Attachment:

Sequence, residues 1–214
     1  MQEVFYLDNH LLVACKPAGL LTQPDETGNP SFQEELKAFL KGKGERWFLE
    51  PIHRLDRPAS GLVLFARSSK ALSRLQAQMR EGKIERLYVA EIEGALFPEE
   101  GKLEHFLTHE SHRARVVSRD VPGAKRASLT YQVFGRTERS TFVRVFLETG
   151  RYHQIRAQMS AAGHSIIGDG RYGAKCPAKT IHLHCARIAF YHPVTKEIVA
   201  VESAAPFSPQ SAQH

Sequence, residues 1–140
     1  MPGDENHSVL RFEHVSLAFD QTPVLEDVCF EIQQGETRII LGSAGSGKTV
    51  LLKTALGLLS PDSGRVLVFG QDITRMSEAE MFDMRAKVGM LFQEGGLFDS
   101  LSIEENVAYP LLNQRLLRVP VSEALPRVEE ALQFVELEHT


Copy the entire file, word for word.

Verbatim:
Sequence, residues 1–214
     1  MQEVFYLDNH LLVACKPAGL LTQPDETGNP SFQEELKAFL KGKGERWFLE
    51  PIHRLDRPAS GLVLFARSSK ALSRLQAQMR EGKIERLYVA EIEGALFPEE
   101  GKLEHFLTHE SHRARVVSRD VPGAKRASLT YQVFGRTERS TFVRVFLETG
   151  RYHQIRAQMS AAGHSIIGDG RYGAKCPAKT IHLHCARIAF YHPVTKEIVA
   201  VESAAPFSPQ SAQH

Sequence, residues 1–140
     1  MPGDENHSVL RFEHVSLAFD QTPVLEDVCF EIQQGETRII LGSAGSGKTV
    51  LLKTALGLLS PDSGRVLVFG QDITRMSEAE MFDMRAKVGM LFQEGGLFDS
   101  LSIEENVAYP LLNQRLLRVP VSEALPRVEE ALQFVELEHT